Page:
Over the past five years, the evolution of wireless networks to 3G data speeds, alongside increasingly sophisticated yet cost-effective cellular routers and antennas, has allowed many kiosk and digital signage deployers to have either successfully deployed stable networks using cellular technologies or at least seriously consider it as a viable alternative to landline options.
Now that 4G is available via Sprint and Clearwire, what does that mean for kiosk and digital signage deployers interested in deploying a cellular network?
4G is especially compelling for those deployers with bandwidth-intense applications, such as content streaming or video. Consider that with more bandwidth, applications such as a live video call from the kiosk to a customer service agent to enhance the user experience are very possible and can be delivered with great quality.
First, though, let me offer a word of caution: I believe we are experiencing the dawn of a new world for cellular networks, meaning this is just the beginning. For self-service it's promising, it's real and it will allow for the support of applications that we could only dream of before. But in order to adopt 4G completely for the purposes of an un-manned, machine-to-machine, mission critical network, many factors need to be considered and vetted out before rolling full force ahead.
Now, let's first take a look at the technology itself and what is available today in the United States.
What is 4G?
4G refers to the fourth generation of cellular wireless standards and is the successor to 3G and 2G standards. In the same manner that data-transmission speeds increased from 2G to 3G and allowed for the adoption of new applications utilizing cellular networks, the leap from 3G to 4G again promises higher data rates and lower latencies that could realistically support applications such as real-time streaming of multimedia voice, data and video.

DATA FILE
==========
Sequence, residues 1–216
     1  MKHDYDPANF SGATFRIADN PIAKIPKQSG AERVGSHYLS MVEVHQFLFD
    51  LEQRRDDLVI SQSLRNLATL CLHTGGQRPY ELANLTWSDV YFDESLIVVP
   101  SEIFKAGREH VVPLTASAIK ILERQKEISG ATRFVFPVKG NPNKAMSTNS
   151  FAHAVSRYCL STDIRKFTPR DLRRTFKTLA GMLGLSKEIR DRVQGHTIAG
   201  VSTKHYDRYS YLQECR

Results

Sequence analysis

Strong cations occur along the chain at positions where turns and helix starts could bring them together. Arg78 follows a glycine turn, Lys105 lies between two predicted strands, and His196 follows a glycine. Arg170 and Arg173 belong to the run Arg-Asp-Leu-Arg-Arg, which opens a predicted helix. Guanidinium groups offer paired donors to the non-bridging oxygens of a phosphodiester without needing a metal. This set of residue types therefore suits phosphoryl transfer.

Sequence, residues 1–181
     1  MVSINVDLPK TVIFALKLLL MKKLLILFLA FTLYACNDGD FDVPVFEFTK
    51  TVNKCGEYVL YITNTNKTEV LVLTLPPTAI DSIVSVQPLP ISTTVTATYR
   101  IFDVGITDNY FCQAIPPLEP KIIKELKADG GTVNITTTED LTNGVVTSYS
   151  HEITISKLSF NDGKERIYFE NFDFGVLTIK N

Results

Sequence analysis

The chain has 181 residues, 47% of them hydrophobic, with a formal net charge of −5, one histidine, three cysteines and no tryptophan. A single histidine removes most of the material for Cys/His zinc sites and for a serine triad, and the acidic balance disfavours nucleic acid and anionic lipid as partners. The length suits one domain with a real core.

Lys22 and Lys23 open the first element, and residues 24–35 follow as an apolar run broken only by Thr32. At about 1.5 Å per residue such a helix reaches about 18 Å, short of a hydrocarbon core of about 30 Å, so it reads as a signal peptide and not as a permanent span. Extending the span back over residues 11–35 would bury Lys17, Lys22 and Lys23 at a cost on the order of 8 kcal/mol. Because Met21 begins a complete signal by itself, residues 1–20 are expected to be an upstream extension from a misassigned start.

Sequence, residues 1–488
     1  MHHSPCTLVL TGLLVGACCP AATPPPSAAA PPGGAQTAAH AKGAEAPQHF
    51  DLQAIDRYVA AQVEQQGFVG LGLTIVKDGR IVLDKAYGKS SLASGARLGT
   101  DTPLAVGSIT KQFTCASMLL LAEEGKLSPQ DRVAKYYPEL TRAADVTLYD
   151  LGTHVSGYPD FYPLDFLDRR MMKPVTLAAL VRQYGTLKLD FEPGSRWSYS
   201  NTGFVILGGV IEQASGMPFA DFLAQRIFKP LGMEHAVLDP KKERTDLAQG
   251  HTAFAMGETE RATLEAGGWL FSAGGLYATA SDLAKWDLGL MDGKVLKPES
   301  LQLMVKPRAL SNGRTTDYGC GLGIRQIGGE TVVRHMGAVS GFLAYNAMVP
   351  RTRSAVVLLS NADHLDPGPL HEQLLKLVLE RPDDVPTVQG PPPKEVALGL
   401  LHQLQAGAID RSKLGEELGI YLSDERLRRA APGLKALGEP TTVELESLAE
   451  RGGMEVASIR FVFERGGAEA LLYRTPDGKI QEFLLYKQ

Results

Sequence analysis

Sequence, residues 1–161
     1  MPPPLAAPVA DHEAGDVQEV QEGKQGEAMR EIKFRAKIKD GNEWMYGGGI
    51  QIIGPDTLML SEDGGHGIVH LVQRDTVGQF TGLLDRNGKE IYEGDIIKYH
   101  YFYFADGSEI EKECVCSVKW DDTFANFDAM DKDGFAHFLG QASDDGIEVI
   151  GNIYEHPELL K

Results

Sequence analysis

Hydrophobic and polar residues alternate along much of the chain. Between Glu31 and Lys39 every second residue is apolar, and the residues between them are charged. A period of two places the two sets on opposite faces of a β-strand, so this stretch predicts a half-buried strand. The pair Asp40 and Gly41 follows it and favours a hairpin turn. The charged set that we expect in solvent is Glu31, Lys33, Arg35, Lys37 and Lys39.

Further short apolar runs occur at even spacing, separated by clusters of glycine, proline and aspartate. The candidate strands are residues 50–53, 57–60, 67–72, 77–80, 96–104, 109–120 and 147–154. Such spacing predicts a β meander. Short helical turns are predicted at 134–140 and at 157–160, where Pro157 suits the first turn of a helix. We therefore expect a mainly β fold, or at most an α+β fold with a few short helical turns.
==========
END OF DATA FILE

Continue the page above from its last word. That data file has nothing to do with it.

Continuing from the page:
The 4G spectrum services available through Clearwire and Sprint are based on a technology known as WiMAX (Worldwide Interoperability for Microwave Access). WiMAX is an international standard developed expressly for sending high-speed data signals to mobile users that blends the speeds of Wi-Fi with the portability of cellular. It broadcasts on the 2.5-GHz portion of the radio frequency spectrum and has a longer range. In the real world (not the lab), speed depends on variables such as how many subscribers are using the network at the same time, how far you are from a transmitting tower and how congested is the Internet. However, a realistic expectation can be up to 3 Megs or 5 Megs per second download, which to a user will feel more like a high-speed DSL or cable type of experience.
What markets are available to deployers today?
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